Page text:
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Measuring one photon

If Eve measures one of the two photons, she may then from her measurement result produce a pulse that she forwards to Bob, possibly containing the photon she did not measure. Thus, this is actually a single photon intercept-resend attack, where however the pulse sent to Bob contains at most 1 photon in the correct state. Thus, from the above, Eve knows the bit sent with probability at most $0.85$.

Eve may choose to let only the unmeasured photon go to Bob. Bob's error probability will then only be the normal one ($\epsilon$, since Eve cannot influence Bob's apparatus), but Eve runs the risk that the photon is lost in Bob's apparatus. We call this the Split-off attack (SO). As we have seen, the probability that Alice emits a two-photon pulse is less than $\lambda^2/2$. Even if Eve transmits the unmeasured photon to Bob's apparatus through a perfect fiber, it will only contribute to the key, if it makes it through Bob's apparatus and is detected. So Eve is left with a fraction $\lambda^2F_{Bob}\eta_B/2$ of all pulses for which the SO attack could work. To increase the effect of this attack, Eve may choose to block some of the other pulses, typically one-photon pulses that she did not measure. This will increase the fraction of attacked pulses among those that Bob detects. However, there is limit to the number of pulses Eve can block: If Eve is not present, Bob expects to detect a certain number of pulses, more precisely, the fraction of sent pulses that are normally detected by Bob is $\lambda F \eta_B$. Eve must maintain approximately the number of pulses detected, since otherwise the raw key will be shorter than expected. Consequently, the fraction $f_{SO}$ of bits in the raw key coming from pulses subjected to SO can be at most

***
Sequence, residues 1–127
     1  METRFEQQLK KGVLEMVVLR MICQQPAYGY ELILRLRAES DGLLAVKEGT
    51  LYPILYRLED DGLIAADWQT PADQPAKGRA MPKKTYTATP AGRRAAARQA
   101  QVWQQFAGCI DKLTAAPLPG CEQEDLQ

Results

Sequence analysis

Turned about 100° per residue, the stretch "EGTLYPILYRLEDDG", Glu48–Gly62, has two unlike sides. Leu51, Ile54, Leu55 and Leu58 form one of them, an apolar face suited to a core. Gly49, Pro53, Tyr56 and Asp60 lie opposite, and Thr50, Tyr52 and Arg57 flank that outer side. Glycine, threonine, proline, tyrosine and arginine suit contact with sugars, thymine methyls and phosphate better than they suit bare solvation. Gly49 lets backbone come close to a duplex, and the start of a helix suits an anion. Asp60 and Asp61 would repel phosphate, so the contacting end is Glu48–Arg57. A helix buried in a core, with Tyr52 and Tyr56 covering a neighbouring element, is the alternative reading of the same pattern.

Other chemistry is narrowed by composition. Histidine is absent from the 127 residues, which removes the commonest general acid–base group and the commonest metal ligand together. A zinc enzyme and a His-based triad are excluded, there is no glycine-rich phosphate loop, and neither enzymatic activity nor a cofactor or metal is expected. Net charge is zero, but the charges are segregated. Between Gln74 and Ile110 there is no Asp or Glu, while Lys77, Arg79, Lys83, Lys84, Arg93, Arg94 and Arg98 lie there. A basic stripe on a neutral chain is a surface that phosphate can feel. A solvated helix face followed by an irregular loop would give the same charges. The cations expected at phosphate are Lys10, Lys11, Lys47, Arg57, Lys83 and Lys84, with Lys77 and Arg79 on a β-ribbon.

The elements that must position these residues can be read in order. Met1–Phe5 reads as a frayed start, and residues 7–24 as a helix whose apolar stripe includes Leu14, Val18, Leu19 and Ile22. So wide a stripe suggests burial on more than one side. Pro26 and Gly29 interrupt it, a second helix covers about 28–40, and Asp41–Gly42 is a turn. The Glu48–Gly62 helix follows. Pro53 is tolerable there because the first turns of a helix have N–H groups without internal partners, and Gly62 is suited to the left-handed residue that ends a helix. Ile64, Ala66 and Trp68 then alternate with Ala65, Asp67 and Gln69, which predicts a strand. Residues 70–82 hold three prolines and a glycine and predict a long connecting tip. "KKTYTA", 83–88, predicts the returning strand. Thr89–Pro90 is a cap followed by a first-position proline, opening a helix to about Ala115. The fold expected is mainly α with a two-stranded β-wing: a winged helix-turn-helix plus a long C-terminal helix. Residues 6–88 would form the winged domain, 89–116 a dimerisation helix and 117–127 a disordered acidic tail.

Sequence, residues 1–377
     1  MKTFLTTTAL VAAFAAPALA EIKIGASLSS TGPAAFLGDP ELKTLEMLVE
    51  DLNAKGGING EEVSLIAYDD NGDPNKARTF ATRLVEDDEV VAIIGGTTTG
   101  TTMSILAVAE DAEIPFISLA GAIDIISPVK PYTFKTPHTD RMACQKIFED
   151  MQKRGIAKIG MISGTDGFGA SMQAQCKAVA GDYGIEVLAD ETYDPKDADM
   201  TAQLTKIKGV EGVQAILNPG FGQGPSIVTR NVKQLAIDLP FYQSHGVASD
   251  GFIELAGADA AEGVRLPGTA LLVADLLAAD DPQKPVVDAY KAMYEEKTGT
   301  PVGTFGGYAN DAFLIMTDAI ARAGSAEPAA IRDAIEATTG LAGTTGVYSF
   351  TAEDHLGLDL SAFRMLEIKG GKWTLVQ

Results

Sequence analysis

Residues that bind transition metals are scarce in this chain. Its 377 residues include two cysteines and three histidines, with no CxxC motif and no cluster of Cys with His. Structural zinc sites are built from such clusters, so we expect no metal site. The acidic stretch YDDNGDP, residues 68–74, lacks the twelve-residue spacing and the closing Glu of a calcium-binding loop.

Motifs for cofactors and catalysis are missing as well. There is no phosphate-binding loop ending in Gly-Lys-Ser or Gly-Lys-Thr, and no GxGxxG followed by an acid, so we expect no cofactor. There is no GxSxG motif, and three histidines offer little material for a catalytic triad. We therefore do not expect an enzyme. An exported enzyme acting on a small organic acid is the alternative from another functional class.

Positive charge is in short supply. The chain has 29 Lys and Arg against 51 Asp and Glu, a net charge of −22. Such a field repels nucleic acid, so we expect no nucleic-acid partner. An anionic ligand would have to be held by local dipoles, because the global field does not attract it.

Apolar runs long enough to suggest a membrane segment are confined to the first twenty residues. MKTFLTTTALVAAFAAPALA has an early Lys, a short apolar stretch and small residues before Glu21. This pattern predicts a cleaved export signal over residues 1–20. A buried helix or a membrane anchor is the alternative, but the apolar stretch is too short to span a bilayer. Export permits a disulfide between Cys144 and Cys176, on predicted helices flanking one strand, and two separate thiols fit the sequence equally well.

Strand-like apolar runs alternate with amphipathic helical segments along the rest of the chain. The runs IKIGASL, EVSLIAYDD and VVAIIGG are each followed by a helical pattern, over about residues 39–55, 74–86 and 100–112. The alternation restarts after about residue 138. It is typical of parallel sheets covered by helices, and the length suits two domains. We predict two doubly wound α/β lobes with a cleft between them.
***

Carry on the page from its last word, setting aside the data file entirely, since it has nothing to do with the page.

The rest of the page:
\begin{displaymath}f_{SO}\leq \frac{\lambda ^2F_{Bob}\eta_B}{2\lambda F\eta_B}=
\frac{\lambda}{2F_{fiber}}.\end{displaymath}

Eve may also inject one or more photons of her own into the pulse. If Bob happens to measure one of these instead of the correct one, the error probability will be at least 0.25 (again by the above considerations on intercept-resend). So, because Eve has no control over which of the photons Bob will measure, Bob's overall error probability in this case will be at least $Pr(\mbox{Bob measures one
of Eve's photons})\cdot 0.25 \geq 0.125$. On the other hand, there is now a larger chance that Bob will detect the pulse - for simplicity we will be generous to Eve and assume that Bob will always detect pulses attacked this way. We call this the Split-Off-Resend attack (SOR).


next up previous
Next: Three-or-more-photon pulses Up: Attacks on two-photon pulses Previous: Measuring both photons
Louis Salvail 2001-06-15